When I'm having a rough day or week, I remind myself how fortunate we all are for our health, our extended families, our jobs, and our circumstances. Life is a perpetual balancing act at the moment so maintaining our senses of gratitude is really important. Chris and I still haven't properly gone out for our anniversary (the "10 years coupled" mark that we hit in August or the "3 years married" mark that we hit just a few weeks ago) for example. But we're finding our way. We're figuring out how to be productive, how to continue forging our careers, how to be some version of our pre-parent selves, and most of all I suppose, how to be a family.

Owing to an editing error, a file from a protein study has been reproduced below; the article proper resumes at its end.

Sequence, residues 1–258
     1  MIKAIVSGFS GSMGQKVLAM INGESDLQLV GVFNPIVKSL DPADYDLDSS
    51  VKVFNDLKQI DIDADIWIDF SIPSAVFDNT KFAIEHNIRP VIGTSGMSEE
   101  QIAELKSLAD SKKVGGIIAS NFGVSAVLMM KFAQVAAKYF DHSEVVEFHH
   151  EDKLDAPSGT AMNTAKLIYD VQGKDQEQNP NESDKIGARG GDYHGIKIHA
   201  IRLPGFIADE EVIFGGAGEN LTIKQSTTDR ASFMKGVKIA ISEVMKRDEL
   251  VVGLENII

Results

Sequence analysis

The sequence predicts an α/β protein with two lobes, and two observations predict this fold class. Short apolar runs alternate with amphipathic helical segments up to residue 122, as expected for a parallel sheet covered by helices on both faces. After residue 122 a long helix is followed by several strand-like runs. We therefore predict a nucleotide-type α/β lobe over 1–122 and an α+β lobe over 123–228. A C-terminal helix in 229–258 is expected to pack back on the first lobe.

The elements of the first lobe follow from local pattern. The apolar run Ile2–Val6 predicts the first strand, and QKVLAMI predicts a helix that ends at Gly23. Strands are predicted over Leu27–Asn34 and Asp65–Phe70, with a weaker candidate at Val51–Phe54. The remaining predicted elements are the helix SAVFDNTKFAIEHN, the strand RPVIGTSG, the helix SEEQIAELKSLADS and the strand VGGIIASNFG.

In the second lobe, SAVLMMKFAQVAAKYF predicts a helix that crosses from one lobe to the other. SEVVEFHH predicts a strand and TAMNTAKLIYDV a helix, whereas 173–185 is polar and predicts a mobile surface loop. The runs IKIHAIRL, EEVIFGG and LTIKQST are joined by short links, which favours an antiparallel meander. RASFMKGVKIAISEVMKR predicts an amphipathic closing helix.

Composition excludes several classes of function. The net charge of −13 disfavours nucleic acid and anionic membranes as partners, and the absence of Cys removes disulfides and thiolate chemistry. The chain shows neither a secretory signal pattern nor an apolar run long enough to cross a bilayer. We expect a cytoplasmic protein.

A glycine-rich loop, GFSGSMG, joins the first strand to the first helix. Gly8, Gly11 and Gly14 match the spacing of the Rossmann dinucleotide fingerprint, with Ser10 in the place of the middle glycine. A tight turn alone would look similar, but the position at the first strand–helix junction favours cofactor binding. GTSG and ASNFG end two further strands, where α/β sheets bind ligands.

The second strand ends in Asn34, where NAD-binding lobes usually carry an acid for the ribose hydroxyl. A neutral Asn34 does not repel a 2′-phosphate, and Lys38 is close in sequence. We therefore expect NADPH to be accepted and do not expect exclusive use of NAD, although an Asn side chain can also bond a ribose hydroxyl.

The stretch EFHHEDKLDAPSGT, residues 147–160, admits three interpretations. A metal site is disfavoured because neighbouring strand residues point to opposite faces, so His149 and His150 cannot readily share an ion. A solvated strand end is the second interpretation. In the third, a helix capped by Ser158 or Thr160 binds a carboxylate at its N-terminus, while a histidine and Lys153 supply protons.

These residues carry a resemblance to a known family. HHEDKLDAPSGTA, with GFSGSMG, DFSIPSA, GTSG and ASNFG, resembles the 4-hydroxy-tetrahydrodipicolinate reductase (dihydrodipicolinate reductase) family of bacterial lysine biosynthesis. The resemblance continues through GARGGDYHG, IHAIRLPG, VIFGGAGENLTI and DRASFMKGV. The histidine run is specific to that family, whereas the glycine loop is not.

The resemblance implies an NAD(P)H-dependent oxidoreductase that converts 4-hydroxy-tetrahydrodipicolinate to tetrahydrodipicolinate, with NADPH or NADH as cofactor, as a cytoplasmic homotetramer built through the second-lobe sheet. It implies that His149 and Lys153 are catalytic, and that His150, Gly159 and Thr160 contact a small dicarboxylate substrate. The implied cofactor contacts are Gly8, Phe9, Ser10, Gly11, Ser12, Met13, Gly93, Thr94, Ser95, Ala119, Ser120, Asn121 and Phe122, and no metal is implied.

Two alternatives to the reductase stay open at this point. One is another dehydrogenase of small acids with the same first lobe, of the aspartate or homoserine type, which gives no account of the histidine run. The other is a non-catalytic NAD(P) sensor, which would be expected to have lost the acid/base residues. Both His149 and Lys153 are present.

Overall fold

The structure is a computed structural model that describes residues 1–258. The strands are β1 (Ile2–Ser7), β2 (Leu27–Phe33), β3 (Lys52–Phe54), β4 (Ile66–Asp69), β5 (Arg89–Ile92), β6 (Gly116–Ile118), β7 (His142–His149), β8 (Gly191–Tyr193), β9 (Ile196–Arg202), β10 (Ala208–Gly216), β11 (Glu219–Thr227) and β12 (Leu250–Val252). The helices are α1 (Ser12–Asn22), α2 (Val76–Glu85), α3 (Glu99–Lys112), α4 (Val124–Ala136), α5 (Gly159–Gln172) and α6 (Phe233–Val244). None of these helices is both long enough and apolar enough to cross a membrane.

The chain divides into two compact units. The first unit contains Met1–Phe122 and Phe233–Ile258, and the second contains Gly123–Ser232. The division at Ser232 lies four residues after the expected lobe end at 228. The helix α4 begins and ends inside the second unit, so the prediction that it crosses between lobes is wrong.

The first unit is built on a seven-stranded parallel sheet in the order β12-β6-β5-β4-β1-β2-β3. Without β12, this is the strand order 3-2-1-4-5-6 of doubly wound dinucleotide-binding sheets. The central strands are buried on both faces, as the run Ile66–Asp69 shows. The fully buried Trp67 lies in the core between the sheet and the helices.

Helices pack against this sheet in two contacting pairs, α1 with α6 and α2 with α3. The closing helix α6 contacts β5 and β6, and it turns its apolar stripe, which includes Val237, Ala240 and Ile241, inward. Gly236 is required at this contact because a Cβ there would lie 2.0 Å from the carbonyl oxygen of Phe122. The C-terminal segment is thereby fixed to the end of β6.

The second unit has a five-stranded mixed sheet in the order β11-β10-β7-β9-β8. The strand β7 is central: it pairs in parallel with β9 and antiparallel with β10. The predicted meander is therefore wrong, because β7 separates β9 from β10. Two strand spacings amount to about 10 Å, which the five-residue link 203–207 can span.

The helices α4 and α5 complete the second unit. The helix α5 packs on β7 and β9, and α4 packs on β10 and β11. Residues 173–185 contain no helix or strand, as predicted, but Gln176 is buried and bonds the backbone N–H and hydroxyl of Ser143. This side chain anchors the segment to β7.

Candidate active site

October 16, 2013
Hey breastfeeding mamas and mamas-to-be, Saks Fifth Avenue's Friends and Family event is on and you can score this Le Mystere nursing bra (note that it includes underwire which is a positive or a negative depending on your preference) for $15 with coupon code FRNFAM now through October 20th. They have a lot of sizes not typically available in big box stores and although it was originally $50+ at retail, I am excited to score this bra for a big box store price. I hope I like it!
Note that the photo was one I assembled for Consume or Consumed because I didn't want to post a woman in a bra for those who read from work.